Schools have reopened in 18 countries in the Middle East and North Africa. Most are applying a blended approach combining in-person and remote teaching and learning for children and teachers.
“The reopening of schools is so critical, not only for children’s education but also for their wellbeing. The impact of school closures on children’s mental health has been huge,” says Ted Chaiban, UNICEF Regional Director for the Middle East and North Africa.
Schools across the region were closed for four to six weeks longer than the global average. In total, most schools were closed for two-thirds of an academic year, affecting the learning and wellbeing of millions of children in every age group.
While all countries across the region made at least one online platform available to enable home-based learning during school closures, at least 39 million children (or nearly 40 percent) have not had access to remote learning. This was primarily due to digital poverty - the lack of or the sporadic access to the internet and/or not having enough digital devices in the households. In some countries, including Libya, Sudan, Syria and Yemen, access to the internet is lower than 35 per cent.
Governments across the region spend only 14 per cent of their budgets on education, below the world average, and the international target.
A UNICEF Report covers the details of the schools' status, progress and challenges.
The COVID-19 pandemic has only exacerbated the crisis of education for millions of children in the Middle East and North Africa. Prior to the pandemic, nearly 15 million children were out of school and close to two-thirds of children in the region could not read and understand a simple age-appropriate text at the age of 10.
“It is not enough to simply reopen classroom doors. It is high time to prioritize back to learning across the region, not only through budgets and financing, but also through a focus on life skills and the reduction of digital poverty, including through expanding internet bandwidth and making digital devices and equipment more available and affordable to bridge the digital gap,” adds Chaiban.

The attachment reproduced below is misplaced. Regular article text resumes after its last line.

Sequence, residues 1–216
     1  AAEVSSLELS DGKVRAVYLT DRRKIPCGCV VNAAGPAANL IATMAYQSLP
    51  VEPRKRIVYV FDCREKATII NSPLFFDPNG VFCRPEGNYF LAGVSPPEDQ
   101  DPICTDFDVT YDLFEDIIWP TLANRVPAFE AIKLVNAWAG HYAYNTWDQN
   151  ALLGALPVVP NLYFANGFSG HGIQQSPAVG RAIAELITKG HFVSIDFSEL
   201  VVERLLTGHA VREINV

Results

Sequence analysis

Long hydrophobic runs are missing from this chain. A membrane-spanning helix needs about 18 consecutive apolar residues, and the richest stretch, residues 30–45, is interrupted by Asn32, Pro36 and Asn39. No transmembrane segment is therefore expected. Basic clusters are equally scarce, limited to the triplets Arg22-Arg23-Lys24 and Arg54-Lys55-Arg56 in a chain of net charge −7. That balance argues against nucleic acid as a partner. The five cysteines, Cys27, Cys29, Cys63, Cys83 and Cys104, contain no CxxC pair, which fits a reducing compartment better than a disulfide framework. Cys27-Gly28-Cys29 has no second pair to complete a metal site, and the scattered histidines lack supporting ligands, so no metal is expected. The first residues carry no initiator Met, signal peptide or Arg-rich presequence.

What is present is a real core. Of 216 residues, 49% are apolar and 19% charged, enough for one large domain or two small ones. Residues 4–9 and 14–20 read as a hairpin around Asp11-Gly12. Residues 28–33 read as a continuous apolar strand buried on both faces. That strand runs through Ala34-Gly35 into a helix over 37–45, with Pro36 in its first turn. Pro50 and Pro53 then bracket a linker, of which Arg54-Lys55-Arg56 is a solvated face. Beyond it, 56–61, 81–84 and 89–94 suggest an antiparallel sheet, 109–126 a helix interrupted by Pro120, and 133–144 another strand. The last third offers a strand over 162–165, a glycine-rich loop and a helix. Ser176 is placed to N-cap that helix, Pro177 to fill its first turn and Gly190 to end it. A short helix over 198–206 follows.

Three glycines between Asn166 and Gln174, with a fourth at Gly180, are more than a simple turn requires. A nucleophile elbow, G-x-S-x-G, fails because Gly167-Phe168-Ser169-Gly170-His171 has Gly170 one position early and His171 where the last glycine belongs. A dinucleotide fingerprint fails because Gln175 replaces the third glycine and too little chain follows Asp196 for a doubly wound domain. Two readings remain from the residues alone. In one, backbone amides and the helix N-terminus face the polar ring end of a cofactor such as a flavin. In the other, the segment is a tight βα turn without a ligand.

UNICEF is working with governments and other partners in the region to support teachers and schools to resume teaching and learning and bring all children and youth into school where they can catch up on lost learning as well as meet their health and wellbeing needs.
To help children recover and accelerate their learning through a return to full, in-person education, UNICEF is working with partners across the region to design and implement a range of inclusive, accelerated and remedial programmes.
Countries that reopened schools are: Algeria, Bahrain, Djibouti, Egypt, Iran, Iraq, Jordan, Kuwait, Morocco, Oman, The State of Palestine, Qatar, The Kingdom of Saudi Arabia, Syria, Sudan, Tunisia, UAE and Yemen.
Countries that had not yet opened their schools are: Lebanon (some public schools partially opened the morning shift but not yet the afternoon shift for Syrian refugees) and Libya (announced the reopening of schools for 11 November).
UNICEF is calling for the following actions:
- Support all children in the region to resume in-person learning as soon as possible with remedial learning programmes to catch up on what they missed, while teachers get the support, they need for the new norm including on blended learning.
- Prioritize the vaccination of teachers in national vaccination campaigns. Vaccination, however, should not be a prerequisite for school reopening. Additional safety measures are therefore needed in schools.
- Equip teachers with the skills they need, including digital skills. A competent, skilled and motivated teacher is a fundamental element of an education system.
- Education systems to become more flexible and focused on helping children acquire relevant skills including those for personal empowerment and wellbeing, lifelong learning and adaptability, employability and transition into work, participation and active citizenship.
- Increase government budgets to reform education systems.
- Foster partnerships with the private sector, including telecommunications and internet companies, to expand bandwidth and network infrastructure and provide affordable options for families, teachers and schools to reduce the digital gap including in poor, rural and remote areas.
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